JOHANNESBURG — Fifteen clinical trials of COVID-19 vaccines are underway across the African continent, according to a comment published in the journal Nature by Africa Centers for Disease Control and Prevention.
Five trials are occurring in South Africa and four in Egypt, with a single trial each in Guinea-Bissau, Ghana, Uganda, Kenya, Zambia and Zimbabwe.
African nations have teamed up to combat the pandemic, with painful memories of millions of Africans dying in the decade it took for affordable HIV drugs to become available on the continent.
“Africa has ended up at the end of the queue every time” in the race for disease therapies, the Nature comment said. But COVID-19 has jolted the African Union into jointly pursuing vaccine trials and even vaccine manufacturing.
The Africa CDC estimates the continent will need 1.5 billion vaccine doses, enough to give 60% of the population the two doses likely required. Vaccines and delivery could cost up to $10 billion, and delivery across the vast continent will be a major challenge.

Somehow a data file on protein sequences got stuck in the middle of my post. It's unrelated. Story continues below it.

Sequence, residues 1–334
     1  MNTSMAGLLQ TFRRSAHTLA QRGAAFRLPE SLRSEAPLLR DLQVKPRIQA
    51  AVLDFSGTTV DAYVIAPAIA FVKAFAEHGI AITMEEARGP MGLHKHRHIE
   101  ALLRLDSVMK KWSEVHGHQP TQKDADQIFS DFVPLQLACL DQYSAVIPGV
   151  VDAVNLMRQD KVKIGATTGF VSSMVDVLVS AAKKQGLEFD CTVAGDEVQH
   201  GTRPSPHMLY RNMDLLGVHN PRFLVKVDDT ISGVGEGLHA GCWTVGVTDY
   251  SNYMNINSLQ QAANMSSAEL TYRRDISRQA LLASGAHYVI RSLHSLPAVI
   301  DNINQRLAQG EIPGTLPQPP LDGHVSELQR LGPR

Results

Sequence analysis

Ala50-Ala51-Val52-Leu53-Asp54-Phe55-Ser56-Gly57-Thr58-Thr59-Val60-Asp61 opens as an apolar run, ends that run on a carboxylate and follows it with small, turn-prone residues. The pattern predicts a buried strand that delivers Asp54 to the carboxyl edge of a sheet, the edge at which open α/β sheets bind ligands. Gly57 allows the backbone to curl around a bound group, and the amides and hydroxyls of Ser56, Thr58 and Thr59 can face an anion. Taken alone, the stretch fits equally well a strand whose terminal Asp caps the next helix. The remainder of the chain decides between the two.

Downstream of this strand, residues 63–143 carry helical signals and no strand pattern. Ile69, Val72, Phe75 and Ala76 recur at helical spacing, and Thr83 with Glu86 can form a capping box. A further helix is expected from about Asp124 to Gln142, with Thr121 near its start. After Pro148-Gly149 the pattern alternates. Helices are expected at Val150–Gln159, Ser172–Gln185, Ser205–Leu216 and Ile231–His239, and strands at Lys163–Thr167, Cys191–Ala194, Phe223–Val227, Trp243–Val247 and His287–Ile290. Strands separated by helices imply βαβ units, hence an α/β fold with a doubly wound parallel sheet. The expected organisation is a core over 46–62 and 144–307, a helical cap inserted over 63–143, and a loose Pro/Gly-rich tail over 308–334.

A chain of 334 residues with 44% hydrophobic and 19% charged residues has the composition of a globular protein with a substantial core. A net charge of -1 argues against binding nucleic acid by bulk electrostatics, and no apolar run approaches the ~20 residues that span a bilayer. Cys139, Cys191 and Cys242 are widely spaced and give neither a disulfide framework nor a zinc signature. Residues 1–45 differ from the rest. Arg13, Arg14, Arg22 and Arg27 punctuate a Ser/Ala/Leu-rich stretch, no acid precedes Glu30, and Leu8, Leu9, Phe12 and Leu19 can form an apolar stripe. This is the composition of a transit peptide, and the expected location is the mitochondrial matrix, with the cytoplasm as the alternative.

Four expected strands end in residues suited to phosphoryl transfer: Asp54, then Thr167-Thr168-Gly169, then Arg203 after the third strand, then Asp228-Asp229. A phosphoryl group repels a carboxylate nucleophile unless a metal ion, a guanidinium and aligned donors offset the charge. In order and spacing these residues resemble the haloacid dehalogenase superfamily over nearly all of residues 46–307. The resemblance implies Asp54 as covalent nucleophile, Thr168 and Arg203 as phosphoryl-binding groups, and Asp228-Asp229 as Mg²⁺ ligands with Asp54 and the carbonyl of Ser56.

The Nature comment indicates that authorities are willing to partner with beverage companies, noting that “refrigerated bottles of Coca-Cola are available in even the remotest areas of Africa.”
HERE’S WHAT YOU NEED TO KNOW ABOUT THE VIRUS OUTBREAK:
— Trump staged a dramatic return to the White House after leaving hospital where he received unprecedented level of care for COVID-19
— Trump’s return to the White House puts focus on people who could be further exposed if he doesn’t abide by isolation protocols